The Unconference Model is Problematic. Here’s Why & What to Do About It

Reflections on how we can make unconferences a bit more inclusive.

Gang, let’s talk about unconferences. Because I’ve got a lot of mixed feelings.

First, if you’ve never heard of an unconference, let’s start there. An unconference is a “participant-led” learning experience. The main difference from a regular conference is that there’s no pre-set agenda.

Yep, you read me correctly.

There’s no agenda, until you show up to make it. The idea is that the audience –the people who this whole thing is designed to benefit–  put forth the topics they want to discuss. Hence, the “un”.

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How to Coordinate Your Nonprofit’s Next Big Email Campaign

A framework for getting all those moving pieces in order.

Okay gang! Who’s getting ready to send an email on behalf of their org?

CreditL Giphy

If there’s one project that unifies (or divides) departments most, it’s the email campaign. Volunteer managers, fundraisers, & program staff all have constituents to engage.

Even the ops staff don’t get a break here. They’re often the ones pulling those lists!

But whether this is your first campaign or your fiftieth, it doesn’t have to be chaos.  A good process never hurt nobody, and you’ll definitely need one to execute something this important.

There’s a method to this particular nonprofit madness. Let’s talk email.

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How to Pick Your Battles at Work

Check out these tips before you walk into that meeting, principles blazing.

Working for a nonprofit organization, you learn how to pick and choose your battles.

There’s the small stuff – like deciding if you should tell your peer about their less-than-stellar proofreading. Or sending a mass email about the office microwave.

But as you progress in your career, bigger battles fall onto your lap. You might find yourself convincing your org to work in a new way – be it around technology, your mission, or ethics.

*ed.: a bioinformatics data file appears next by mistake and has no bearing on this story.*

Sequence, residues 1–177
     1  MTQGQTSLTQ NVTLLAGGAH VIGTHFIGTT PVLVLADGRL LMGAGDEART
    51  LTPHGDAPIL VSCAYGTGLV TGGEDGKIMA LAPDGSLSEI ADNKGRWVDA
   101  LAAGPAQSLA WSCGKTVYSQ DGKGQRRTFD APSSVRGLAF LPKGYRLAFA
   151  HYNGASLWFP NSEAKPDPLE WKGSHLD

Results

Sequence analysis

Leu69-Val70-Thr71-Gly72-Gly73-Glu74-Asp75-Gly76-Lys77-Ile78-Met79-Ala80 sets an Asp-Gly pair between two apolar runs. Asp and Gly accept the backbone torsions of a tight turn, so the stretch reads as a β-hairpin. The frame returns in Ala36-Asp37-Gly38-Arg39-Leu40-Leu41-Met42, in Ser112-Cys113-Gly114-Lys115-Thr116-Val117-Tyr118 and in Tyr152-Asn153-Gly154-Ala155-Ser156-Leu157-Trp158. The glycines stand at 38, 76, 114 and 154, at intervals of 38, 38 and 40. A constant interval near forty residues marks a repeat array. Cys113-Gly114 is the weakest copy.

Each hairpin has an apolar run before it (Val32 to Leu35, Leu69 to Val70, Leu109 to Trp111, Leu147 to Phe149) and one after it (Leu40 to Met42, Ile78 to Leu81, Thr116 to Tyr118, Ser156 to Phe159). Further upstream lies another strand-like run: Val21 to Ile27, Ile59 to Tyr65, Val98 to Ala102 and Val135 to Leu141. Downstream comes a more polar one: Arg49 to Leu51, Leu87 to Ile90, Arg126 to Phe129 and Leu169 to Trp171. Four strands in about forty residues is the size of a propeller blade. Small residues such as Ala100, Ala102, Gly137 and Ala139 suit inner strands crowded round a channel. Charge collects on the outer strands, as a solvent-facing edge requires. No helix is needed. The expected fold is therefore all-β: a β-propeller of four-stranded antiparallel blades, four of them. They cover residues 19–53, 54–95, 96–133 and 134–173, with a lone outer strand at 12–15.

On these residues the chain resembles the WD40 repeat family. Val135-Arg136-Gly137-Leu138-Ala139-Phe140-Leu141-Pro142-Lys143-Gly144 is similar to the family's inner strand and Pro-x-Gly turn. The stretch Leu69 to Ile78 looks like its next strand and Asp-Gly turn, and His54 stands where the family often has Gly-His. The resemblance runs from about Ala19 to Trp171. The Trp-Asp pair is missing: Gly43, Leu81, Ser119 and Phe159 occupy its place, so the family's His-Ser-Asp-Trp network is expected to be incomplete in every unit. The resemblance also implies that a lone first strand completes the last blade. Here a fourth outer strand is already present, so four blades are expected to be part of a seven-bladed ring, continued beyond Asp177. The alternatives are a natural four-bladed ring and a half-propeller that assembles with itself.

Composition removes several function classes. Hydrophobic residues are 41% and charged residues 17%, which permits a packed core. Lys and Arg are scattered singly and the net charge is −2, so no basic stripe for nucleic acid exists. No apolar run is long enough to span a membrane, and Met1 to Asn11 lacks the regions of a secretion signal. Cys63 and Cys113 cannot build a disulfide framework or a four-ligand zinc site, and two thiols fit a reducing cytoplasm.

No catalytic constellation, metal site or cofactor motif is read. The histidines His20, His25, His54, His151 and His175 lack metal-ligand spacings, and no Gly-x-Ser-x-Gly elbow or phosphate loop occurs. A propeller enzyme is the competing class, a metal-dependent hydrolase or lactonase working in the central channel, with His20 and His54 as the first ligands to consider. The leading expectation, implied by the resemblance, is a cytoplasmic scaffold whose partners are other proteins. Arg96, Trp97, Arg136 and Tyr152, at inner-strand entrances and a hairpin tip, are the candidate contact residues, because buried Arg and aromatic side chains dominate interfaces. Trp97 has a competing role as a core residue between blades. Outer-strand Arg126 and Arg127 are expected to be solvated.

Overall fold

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How to Say No At Work Without Jeopardizing Your Job

Tips for tactfully exercising your “No”.

Boundaries are important as we grow in our careers. The more we’re able to do, the more people want our time.

That’s why one piece of advice seems to stick: saying no at work.

Which makes total sense. There’s only so much you can do in one day. Learning to say no is a matter of necessity, because it’s impossible to yes all the things.

There’s just one problem. Just saying no isn’t always an option. Depending on the environment, it can put your reputation and employment at risk. Even unicorns get fired.

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10 Easy, Affordable Ways to Spruce Up Your Nonprofit Event

It really is the little things.

Event planning isn’t everyone’s cup of tea.

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The Nonprofit Event Checklist: Plan & Rock Your Next Event

Everything from program to logistics.

Events are the double-edged sword of the nonprofit world.

On the one hand, they bring people into the fold of your org’s work. I’ve seen a student move a room of 500 people to give. I myself have bawled listening to an ED talk about kids using karate to cope with cancer.

So yeah. There’s no denying that events are a powerful engagement mechanism. But that doesn’t make them easy.

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